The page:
LORI CANNON
Activist and founder of Open Hand Chicago and Vital Bridges Food Program
I started driving the Coach bus for all the shows at the Arie Crown in the early ’80s. The headliners, they had their limos. The singers, the dancers, they all rode with me. And where did they want to go at the end of the show? To a club. They looked for a place to dance, meet other gay men.
JEFF EDWARDS
Educator and union organizer
When I was in grad school in Minnesota, I knew some people who were sick, but they weren’t close to me, so it was only in the back of my head, until I went to a rally about AIDS in ’86 or ’87. One speaker said, “By the end of this decade, either you’ll be dead or the person next to you will.”
ROBERTO SANABRIA
Senior director of the Puerto Rican Cultural Center
Photo: SPECIAL COLLECTIONS RESEARCH CENTER, UNIVERSITY OF CHICAGO LIBRARY
At a Puerto Rican funeral, caskets are open, but in the ’80s we began to see closed caskets, which was anathema in our culture. When you dig deeper, you realize the reason is AIDS was devastating our community. I was already working with the Puerto Rican Cultural Center, and in 1988 we created an organization called Vida/SIDA, meaning Life/AIDS. We began as a free alternative health clinic: acupuncture, tai chi, massage. People would come in to talk even when they didn’t have an appointment. When you’re ostracized, finding community is powerful medicine.
SAUNDRA JOHNSON
Activist
I was working at the University of Chicago, and I went to a learn-to-row session and ended up rowing for the U. of C. crew. And I can’t swim! I was born on the South Side, OK? But I stuck with it, and I met wonderful people, including Adam Burke, who was involved in AIDS activism. I had read And the Band Played On, and it made me so mad. I told Adam, and he said, “Why don’t you volunteer at the NAMES Project? You know, a big display is coming, the quilt.” I volunteered there the whole weekend. Oh my God, it was transformative.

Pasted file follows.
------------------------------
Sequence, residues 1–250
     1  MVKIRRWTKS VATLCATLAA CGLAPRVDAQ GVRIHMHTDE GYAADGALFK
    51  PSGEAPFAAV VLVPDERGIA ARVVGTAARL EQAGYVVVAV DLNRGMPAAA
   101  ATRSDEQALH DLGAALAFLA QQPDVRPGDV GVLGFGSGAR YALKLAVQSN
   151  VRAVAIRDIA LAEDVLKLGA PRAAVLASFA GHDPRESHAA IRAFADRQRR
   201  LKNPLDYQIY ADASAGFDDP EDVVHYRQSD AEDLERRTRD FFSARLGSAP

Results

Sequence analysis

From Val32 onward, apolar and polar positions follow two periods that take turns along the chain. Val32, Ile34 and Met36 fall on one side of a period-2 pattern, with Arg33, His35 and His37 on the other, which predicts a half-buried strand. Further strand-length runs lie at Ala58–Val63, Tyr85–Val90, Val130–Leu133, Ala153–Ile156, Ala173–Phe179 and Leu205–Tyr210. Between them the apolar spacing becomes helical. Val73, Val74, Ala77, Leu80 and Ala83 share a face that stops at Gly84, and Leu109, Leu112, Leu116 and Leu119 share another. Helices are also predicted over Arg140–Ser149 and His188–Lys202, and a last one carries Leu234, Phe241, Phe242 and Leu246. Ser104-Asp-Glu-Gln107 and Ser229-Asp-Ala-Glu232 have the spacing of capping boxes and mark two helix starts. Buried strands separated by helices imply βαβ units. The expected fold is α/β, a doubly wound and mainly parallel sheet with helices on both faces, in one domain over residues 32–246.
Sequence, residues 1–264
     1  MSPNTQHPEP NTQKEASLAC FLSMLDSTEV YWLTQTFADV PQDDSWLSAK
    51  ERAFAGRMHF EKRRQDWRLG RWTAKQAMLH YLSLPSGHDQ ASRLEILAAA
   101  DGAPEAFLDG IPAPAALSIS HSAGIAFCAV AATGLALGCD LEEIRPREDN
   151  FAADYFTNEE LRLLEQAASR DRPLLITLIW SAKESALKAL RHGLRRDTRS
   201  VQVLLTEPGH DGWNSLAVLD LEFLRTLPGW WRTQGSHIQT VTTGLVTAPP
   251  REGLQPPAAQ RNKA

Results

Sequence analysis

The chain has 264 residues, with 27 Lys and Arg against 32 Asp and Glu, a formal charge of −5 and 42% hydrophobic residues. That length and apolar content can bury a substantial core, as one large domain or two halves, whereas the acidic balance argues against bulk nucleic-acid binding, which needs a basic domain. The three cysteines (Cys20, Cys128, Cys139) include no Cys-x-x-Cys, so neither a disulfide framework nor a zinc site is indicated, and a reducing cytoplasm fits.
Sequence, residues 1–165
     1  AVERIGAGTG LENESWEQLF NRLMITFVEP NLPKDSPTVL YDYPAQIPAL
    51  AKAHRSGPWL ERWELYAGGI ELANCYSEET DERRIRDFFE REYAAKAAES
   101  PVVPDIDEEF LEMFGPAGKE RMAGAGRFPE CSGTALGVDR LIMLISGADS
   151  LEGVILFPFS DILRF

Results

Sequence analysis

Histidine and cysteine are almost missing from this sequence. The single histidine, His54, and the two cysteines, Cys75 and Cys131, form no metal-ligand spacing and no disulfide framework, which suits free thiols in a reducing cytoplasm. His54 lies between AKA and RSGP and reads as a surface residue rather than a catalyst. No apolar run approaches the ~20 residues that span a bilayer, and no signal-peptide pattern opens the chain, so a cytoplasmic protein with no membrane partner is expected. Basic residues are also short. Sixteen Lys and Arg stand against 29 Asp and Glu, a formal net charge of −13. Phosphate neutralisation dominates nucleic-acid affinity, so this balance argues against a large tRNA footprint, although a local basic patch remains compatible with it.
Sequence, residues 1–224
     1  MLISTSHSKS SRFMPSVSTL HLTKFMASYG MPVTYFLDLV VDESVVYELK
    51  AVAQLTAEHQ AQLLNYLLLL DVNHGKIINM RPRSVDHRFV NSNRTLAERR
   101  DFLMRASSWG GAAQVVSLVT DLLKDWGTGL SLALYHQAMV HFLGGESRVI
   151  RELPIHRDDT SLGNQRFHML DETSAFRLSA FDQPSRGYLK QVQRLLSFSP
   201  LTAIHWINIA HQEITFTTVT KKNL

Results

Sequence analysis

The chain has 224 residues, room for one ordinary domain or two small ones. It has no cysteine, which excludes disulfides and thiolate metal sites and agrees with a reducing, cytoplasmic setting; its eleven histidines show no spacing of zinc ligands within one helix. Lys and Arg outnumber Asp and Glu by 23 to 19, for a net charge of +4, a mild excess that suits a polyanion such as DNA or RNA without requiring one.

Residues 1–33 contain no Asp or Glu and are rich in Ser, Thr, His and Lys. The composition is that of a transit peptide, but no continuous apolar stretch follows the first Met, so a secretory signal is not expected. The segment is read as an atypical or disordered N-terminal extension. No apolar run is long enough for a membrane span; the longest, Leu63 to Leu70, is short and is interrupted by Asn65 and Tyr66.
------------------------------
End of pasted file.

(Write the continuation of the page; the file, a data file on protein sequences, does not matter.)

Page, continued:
CANNON
Activist and founder of Open Hand Chicago and Vital Bridges Food Program
We looked at New York, at San Francisco, convinced it’s not gonna be like that in Chicago. Of course we were wrong.
JEANNE KRACHER
Activist and former executive director of Crossroads Fund
It started with six or eight of us meeting in [veteran civil rights activist] Ferd Eggan’s living room in ’85, ’86. We were these gays and lesbians who knew each other from the left. We called ourselves DAGMAR: Dykes and Gay Men Against Racism, Repression, and the Right Wing. We’d started hearing about friends on the coasts testing positive. And we read Gay Community News. It was our bible. We said, OK, something frightening is happening. We did a 24-hour vigil outside Governor Thompson’s house; we locked ourselves to his fence. People were doing other things, but a lot of it was candlelight vigils, just expressing grief.
 
In 1987, the Second National March on Washington for Lesbian and Gay Rights drew over 200,000 people and coincided with the first public display of the NAMES Project AIDS Memorial Quilt. The march also marked the first national coverage of the newly formed ACT UP New York. Chicago’s DAGMAR sent a contingent to the march, calling themselves Chicago for Our Rights and soon changing the name to Chicago for AIDS Rights, or C-FAR. Back home, C-FAR members began meeting in the basement of the Wellington Avenue United Church of Christ. One of them, cartoonist and waiter Danny Sotomayor, didn’t make it to Washington that year, but he went with his best friend, Lori Cannon, in 1988. That year’s remembrance culminated in ACT UP demonstrators surrounding the headquarters of the Food and Drug Administration. When Danny returned to Chicago, he proposed changing C-FAR’s name to ACT UP Chicago, and the vote passed.
CANNON
Activist and founder of Open Hand Chicago and Vital Bridges Food Program
ACT UP New York had such theatrics; smoke bombs went off outside the FDA. Danny was part of the PISD Caucus, People With Immune System Disorders. That day, a sleeping giant came out of him. Listen, he was propelled by rage his whole life. He had a difficult childhood, and his seroconversion [becoming HIV positive] added to that rage. Getting out in the street under the direction of a Larry Kramer, a Peter Staley — this is what motivated him to come home and have C-FAR join with this national activist group.
SANABRIA
Senior director of the Puerto Rican Cultural Center